Congressman Sean Patrick Maloney. | SEANMALONEY.COM
BY PAUL SCHINDLER | Democrat Sean Patrick Maloney, elected two years ago as New York State’s first openly gay member of Congress, won his reelection bid, in a hard-fought and tight race against the one-term Republican he ousted in 2012.
With 100 percent of the ballots counted in New York’s 18th Congressional District, Maloney had a 1.6 percent lead over former Representative Nan Hayworth. The margin between the two candidates was roughly 2,800 votes, and the tally was unofficial.
Maloney claimed victory on Election Night, but Hayworth took time to review the results before conceding on the afternoon of November 5. In a Facebook post at about 2 p.m., Maloney wrote, “I just received a call from Dr. Hayworth conceding the race. I want to thank her and her supporters for that. We all need to come together now for the sake of the people we serve.”
The district includes all of Rockland and Orange Counties to the northwest of the city and portions of Westchester and Dutchess Counties due north.
Maloney prevailed in a very tough year for his party, where House Republicans made a double-digit gain in their majority, the Democrats lost control of the US Senate, and three Democratic congressional seats in New York State fell to the Republicans. Democratic incumbents Tim Bishop of Long Island and upstate’s Dan Maffei both failed in their reelection bids.
Maloney ran, both this year and in 2012, as a “Clinton Democrat” –– he worked at the White House during the former president’s second term and Hillary Clinton campaigned with him in the contest’s final week –– and on a range of issues he distanced himself from President Barack Obama in the rematch with Hayworth. He criticized the current administration over its handling of Ebola cases in the US, charged that federal oversight had led to “reckless” utility rate increases imposed on the Hudson Valley, faulted Obama for failing to articulate a clear policy toward ISIS, and said he “voted against the president 44 percent of the time” on Obamacare, as much as any Democrat.
Those votes as well as a series of votes on which he sided with Republicans during last fall’s government shutdown sparked criticism from some New York progressives who had backed him in 2012. However, groups that voiced displeasure at the time in comments to Gay City News –– including the Working Families Party and the United Auto Workers –– stood with the 48-year-old Maloney in his reelection campaign.
Though the battle between Maloney and Hayworth was spirited, debates between the two candidates varied little from the template carved out two years ago. Hayworth again voiced a fundamental distrust of government’s role in many aspects of the economy –– especially health care –– and charged that Democrats force “an agenda of burdens” on taxpayers.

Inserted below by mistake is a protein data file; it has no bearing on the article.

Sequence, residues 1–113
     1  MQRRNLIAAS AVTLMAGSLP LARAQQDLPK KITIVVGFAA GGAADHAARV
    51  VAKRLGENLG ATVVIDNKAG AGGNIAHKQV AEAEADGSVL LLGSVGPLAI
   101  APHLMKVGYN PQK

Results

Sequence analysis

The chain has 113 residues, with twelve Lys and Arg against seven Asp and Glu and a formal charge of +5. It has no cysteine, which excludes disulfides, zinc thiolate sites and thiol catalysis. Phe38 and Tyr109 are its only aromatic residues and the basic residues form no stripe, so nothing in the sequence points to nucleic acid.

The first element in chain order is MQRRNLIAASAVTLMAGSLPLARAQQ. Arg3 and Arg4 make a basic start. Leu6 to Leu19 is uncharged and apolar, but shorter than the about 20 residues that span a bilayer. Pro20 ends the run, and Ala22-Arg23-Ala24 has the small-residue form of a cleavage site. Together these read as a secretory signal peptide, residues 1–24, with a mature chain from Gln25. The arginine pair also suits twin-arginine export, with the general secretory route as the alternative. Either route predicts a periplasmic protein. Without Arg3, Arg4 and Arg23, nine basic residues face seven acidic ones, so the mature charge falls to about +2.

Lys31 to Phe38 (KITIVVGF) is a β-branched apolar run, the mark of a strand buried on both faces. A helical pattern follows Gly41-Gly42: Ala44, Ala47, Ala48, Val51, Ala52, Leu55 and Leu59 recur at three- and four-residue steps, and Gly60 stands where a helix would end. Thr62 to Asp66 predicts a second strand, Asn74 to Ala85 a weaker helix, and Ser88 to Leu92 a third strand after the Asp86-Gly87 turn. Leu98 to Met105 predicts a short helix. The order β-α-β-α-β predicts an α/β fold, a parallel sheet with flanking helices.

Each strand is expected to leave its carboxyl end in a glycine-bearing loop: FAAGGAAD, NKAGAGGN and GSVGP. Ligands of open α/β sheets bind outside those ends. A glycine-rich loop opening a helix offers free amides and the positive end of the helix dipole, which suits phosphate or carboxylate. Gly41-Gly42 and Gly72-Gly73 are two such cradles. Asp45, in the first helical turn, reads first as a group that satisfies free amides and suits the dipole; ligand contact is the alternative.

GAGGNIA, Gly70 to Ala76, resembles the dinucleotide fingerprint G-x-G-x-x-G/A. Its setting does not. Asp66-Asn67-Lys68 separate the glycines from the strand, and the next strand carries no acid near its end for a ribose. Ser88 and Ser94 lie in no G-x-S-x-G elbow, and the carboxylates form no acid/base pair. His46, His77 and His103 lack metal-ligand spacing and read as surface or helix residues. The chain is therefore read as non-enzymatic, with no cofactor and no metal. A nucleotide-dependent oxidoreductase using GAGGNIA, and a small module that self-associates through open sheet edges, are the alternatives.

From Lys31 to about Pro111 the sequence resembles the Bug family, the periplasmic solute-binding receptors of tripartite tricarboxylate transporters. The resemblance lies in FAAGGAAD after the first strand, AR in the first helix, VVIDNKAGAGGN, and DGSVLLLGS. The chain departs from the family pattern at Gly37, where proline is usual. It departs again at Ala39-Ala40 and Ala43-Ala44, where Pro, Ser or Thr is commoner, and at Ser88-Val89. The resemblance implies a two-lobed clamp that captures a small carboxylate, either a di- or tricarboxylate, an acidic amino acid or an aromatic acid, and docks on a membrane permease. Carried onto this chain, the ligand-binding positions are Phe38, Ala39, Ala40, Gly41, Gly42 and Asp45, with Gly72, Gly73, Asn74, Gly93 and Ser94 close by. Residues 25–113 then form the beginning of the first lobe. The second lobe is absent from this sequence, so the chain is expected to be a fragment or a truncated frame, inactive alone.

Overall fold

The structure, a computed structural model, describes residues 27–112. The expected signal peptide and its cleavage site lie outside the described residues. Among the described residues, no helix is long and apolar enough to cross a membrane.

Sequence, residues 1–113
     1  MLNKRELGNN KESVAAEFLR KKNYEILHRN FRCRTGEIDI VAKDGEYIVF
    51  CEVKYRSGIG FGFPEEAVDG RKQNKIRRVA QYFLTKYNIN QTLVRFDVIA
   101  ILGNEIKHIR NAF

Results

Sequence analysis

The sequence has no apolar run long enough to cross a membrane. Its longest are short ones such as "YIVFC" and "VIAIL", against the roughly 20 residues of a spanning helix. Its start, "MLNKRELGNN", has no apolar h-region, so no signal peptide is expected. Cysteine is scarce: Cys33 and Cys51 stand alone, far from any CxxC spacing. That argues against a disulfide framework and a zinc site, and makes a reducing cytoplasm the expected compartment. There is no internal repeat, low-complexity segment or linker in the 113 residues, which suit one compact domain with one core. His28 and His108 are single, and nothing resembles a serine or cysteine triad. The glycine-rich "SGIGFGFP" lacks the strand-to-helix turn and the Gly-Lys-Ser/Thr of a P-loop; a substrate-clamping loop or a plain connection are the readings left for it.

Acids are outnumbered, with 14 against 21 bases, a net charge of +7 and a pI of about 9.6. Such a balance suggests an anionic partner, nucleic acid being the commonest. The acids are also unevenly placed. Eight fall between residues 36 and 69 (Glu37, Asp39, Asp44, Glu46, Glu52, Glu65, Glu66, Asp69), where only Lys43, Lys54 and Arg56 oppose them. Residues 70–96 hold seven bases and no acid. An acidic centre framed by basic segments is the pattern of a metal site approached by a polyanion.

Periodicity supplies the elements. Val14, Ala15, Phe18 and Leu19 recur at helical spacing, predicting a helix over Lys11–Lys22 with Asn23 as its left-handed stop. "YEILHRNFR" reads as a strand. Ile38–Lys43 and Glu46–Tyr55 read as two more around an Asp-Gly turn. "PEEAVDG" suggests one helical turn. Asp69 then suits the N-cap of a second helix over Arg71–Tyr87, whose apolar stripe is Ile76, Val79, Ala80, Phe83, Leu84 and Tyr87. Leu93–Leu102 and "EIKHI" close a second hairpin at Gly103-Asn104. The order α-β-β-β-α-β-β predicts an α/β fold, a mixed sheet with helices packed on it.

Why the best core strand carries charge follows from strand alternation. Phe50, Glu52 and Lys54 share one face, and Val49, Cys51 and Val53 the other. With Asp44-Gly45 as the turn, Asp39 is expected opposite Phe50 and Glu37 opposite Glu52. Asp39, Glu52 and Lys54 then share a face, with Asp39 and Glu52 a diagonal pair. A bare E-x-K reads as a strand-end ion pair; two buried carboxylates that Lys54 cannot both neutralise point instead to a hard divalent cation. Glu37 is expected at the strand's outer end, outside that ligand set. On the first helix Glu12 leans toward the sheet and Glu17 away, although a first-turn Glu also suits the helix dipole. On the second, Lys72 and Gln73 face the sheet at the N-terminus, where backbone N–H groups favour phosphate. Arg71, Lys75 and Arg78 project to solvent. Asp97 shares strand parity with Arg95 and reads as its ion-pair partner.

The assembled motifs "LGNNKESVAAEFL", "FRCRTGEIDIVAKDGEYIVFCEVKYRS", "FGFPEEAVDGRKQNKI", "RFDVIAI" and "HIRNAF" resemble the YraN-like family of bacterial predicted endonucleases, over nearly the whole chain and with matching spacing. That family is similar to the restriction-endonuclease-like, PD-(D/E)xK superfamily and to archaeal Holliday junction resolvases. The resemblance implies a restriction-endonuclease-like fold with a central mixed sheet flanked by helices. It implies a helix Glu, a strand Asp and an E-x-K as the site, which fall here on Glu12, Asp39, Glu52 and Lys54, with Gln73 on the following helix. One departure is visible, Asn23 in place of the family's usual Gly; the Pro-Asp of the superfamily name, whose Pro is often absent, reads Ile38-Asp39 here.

Maloney reprised attacks on Hayworth for her ties to Tea Party elements in the Republican Party, whom she courted openly in her initial 2010 campaign. With strong support from women’s groups and choice advocates, the Democrat tied his opponent to efforts by “the House Tea Party leadership” to defund Planned Parenthood. Maloney’s efforts for the women’s vote were aided by Hayworth’s opposition to the Paycheck Fairness Act, which aims to strengthen existing law barring wage differentials between men and women doing the same job.
In at least one debate this year, the two candidates sparred fiercely over the question of marriage equality. Appearing before the Poughkeepsie Journal editorial board. Hayworth, who has an out gay son, noted that New York allows same-sex couples to marry and, with the demise of the Defense of Marriage Act, those marriages are now recognized by the federal government. However, she also said, “The federal government should not impose a definition of marriage on the states,” even while arguing that states should honor all legal marriages from other states. She did not clarify how to square the lack of a federal constitutional right to marry with her view of interstate marriage recognition.
Maloney shot back, “How dare you say that you respect our marriage and wish us well but if we go down to Alabama you’re okay that they discriminate against us? If you are going to represent the State of New York, you have to come to terms with the fact that you are treating my family as less than your own.”
Another gay congressional candidate in New York fared considerably worse than Maloney. Democrat Sean Eldridge, an investor and activist, lost in his bid to represent New York’s 19th Congressional District, in a decisive defeat at the hands of incumbent Republican Chris Gibson. With 100 percent of the vote in, Gibson had bested Eldridge by a 65-35 margin. A first time candidate at 28, Eldridge, who is married to Facebook co-founder and New Republic publisher Chris Hughes, has lived in the district for less than two years. District 19 lies just north of Maloney’s district.
The results demonstrate that Eldridge failed to make the case that the incumbent’s record was too harshly conservative for the district. Two weeks ago, Metro Weekly, a Washington LGBT newspaper, reported that Gibson, who is a sponsor of the federal Employment Non-Discrimination Act, endorsed attaching the measure to the budget’s defense authorization bill. In several debates in the 18th District, Maloney, emphasizing his success at bipartisan initiatives, talked about working with Gibson on a number of issues.